Joe Abrahamson on February 25, 2020:

Another great one Will!!! I sure miss these and need to go back and re-read your collection! Thanks again! Joe A

Suzie from Carson City on February 25, 2020:

WILL STARR.....The BEST damned Story-Teller in Town!! Hands down!

You need to write a big thick BOOK with tale after tale, chapter after chapter. I guarantee a BEST SELLER! Cheers, Paula

WillStarr (author) from Phoenix, Arizona on February 25, 2020:

Hi John and happy to see you again! I hope the fires left you unscathed?

John Hansen from Gondwana Land on February 25, 2020:

You are the true master of this genre, Will, and this was a wonderful response to Bill’s photo challenge. It is great to see you back writing at HubPages.

WillStarr (author) from Phoenix, Arizona on February 25, 2020:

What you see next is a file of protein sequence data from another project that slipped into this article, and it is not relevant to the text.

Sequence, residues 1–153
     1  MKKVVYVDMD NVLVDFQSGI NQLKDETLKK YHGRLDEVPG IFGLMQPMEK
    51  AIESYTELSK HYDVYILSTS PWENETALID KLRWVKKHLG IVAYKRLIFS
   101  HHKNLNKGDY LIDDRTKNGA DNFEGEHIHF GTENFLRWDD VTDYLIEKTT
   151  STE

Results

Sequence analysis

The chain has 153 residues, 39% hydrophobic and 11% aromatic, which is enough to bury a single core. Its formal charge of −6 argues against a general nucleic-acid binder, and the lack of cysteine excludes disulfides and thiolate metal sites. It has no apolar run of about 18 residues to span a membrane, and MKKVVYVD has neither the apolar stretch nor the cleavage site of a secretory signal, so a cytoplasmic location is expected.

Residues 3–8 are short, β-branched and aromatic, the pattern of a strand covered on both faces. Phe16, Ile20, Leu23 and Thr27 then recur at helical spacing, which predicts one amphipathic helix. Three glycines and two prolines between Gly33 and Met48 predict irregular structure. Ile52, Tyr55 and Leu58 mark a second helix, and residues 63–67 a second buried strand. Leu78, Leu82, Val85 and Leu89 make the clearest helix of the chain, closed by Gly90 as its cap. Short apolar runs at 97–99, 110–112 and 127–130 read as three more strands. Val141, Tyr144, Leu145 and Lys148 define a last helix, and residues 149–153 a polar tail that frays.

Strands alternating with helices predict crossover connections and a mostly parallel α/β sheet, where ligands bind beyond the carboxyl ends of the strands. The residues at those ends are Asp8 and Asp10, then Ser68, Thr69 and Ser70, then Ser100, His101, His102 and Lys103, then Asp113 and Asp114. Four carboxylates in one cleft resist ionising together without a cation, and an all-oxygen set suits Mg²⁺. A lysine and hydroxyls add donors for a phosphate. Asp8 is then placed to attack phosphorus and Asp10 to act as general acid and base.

Thank you Ruby (still love that name) and I hope to get back in the habit of writing.

WillStarr (author) from Phoenix, Arizona on February 25, 2020:

I was hoping you'd comment Bob, and you didn't disappoint. I'm also hoping to meet you if you venture across the pond anytime soon.

I'll contact you on HubPages messaging.

Ruby Jean Richert from Southern Illinois on February 25, 2020:

Another great story, and that signature twist at the end made it yours. You met the challenge head-on. I hope you're back to write on HP regularly?

diogenes on February 25, 2020:

Wonderful, Will. Your usual surprise ending. Your stories really bring these times and the people who lived them back to life. Well, perhaps few were that inspired and occupying such moral high ground as the old sheriff. Good writing like this is like great portraiture, much is hidden from sight and much is emphasized that warms and pleases us.

We would like to have the strength of character of the protagonists herein but we fall short.

Loved it